Time for a NYC ‘Office of Nightlife’?

“The Cabaret Law with its infamous racist and homophobic history has horrible effects to this day,” wrote NYC Artist Coalition. (Photo by Tiffany Rexach via Brooklyn Daily Eagle)

On Wednesday, City Council member Rafael Espinal plans to introduce legislation that would overturn an “antiquated and racist” law, passed in 1926, that severely restricts the operation of music and dance venues, driving many operators underground.

In addition to repealing the law, known as the “cabaret law,” Espinal wants to create a city Office of Nightlife, led by a “night mayor,” writes Scott Enman in Brooklyn Daily Eagle.

According to NYC Artist Coalition, an organization that “[protects] community spaces,” the Cabaret Law was created and used to break up underground black institutions at the height of the Harlem Renaissance and it was reinforced by former Mayor Rudy Giuliani in the ’90s to target gay and lesbian bars.

“The Cabaret Law, with its infamous racist and homophobic history, has horrible effects to this day,” wrote NYC Artist Coalition in a statement. “We appreciate New York City Council for opening a space to debate this issue. Social dancing is not a crime. We advocate for the safety and preservation of informal cultural spaces, such as DIY music venues.

“The Cabaret Law is currently used to criminalize such spaces and it forces our communities underground and into unsafe environments.”

A crowd of about 200 artists, musicians and business owners came out to support the move at hearings held by the City Council’s Consumer Affairs Committee on June 19. Under the current law, only 17 venues in all of Brooklyn are licensed as “cabarets,” which means that those operating without a license face the threat of fines and closure, as Enman notes.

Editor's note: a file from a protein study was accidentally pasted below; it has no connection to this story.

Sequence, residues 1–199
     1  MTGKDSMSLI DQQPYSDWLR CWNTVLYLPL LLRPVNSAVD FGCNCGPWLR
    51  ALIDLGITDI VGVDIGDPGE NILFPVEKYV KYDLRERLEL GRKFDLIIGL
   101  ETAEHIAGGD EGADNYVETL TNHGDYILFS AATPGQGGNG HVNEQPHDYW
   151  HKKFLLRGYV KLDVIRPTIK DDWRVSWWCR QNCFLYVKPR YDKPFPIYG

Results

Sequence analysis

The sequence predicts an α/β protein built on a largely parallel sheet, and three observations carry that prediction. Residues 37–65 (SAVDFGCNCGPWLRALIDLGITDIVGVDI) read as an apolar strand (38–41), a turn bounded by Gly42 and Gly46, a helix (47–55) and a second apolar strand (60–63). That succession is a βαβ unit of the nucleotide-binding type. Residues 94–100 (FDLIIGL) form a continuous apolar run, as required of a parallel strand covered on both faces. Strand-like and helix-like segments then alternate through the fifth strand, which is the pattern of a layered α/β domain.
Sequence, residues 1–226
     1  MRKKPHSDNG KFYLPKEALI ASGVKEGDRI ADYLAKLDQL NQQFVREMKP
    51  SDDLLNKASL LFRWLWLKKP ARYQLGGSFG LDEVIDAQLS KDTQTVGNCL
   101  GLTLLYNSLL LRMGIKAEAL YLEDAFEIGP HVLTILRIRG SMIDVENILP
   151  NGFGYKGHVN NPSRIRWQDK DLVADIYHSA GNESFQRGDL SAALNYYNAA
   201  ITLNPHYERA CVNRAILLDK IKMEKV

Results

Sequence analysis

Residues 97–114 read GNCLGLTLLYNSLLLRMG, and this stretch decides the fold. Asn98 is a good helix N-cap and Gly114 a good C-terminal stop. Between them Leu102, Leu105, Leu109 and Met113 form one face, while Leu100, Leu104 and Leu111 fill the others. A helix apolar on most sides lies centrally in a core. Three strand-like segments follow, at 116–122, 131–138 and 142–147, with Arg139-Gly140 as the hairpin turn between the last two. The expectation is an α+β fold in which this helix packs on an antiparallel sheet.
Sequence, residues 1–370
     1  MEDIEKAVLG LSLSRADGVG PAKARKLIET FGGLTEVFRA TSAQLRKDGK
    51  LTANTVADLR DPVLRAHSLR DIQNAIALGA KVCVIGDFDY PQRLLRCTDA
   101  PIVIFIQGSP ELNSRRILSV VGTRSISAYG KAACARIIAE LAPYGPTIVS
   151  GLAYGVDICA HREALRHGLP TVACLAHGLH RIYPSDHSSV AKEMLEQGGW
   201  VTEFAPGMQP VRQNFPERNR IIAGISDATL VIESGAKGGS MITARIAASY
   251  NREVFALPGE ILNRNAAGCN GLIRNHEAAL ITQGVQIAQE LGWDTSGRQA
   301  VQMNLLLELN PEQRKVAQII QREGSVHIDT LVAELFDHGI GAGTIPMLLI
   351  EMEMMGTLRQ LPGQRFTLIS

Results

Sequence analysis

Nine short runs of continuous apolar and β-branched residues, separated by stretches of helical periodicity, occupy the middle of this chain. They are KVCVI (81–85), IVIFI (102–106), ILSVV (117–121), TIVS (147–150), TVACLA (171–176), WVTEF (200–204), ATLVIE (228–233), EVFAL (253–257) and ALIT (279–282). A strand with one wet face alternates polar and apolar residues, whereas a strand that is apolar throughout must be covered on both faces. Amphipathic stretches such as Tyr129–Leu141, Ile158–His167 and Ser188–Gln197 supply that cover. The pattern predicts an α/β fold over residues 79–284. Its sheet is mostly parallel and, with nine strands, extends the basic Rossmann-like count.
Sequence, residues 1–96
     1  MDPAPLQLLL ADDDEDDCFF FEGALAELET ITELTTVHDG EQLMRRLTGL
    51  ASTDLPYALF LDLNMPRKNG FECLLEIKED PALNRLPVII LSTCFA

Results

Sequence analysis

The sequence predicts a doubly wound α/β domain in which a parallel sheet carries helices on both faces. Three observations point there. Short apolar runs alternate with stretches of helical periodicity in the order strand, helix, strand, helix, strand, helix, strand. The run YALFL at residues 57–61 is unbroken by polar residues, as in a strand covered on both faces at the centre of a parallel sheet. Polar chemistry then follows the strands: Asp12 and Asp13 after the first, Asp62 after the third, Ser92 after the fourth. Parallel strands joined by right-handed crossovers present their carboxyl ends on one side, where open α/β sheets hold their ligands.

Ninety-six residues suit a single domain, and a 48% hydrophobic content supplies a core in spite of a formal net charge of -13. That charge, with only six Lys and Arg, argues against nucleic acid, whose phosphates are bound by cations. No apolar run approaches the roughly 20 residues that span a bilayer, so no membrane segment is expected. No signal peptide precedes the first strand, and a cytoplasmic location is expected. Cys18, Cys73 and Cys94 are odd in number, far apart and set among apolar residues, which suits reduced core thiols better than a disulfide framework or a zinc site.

At the hearing, several business owners described a task force resembling a SWAT team that routinely comes into venues on their most anticipated nights to shut it down and hand out cabaret citations.

One venue owner, who asked to remain anonymous for fear of reprisal, said that when the task force showed up at his venue, “I thought they found El Chapo hidden in my bar.”

The citations can cost owners thousands of dollars in fines, booking fees and reimbursement of ticket sales.

The bill has undergone several amendments related to safety and zoning over the years, notes Kadia Goba in Kings County Politics.

As a result, owners of small bars, restaurants and lounges seeking to acquire a cabaret license must also meet the demands of zoning, building and fire codes of a venue usually three times its size and which operates in the capacity of an actual dance hall. Therefore, if patrons start dancing in a smaller, more intimate venue, the establishment risks being fined as an unlicensed cabaret.

This is the case of Andrew Muchmore, a 36-year-old attorney and Williamsburg bar owner. Muchmore was fined when patrons were found dancing in his establishment. The store owner is challenging the city’s 90-year old legislation on the grounds the law is unconstitutional under the First and Fourteenth Amendments.

“It is astonishing that the Cabaret Law continues to exist in the 21st Century,” said Muchmore. “It serves no legitimate purpose, yet suffocates the City’s musicians, artists and creative economy. The law has been consistently disregarded and mocked, and is enforced only arbitrarily against the City’s most vulnerable residents.”

Read more about the changes proposed by Espinal, including the “nightlife task force” and its composition, in Kings County Politics.

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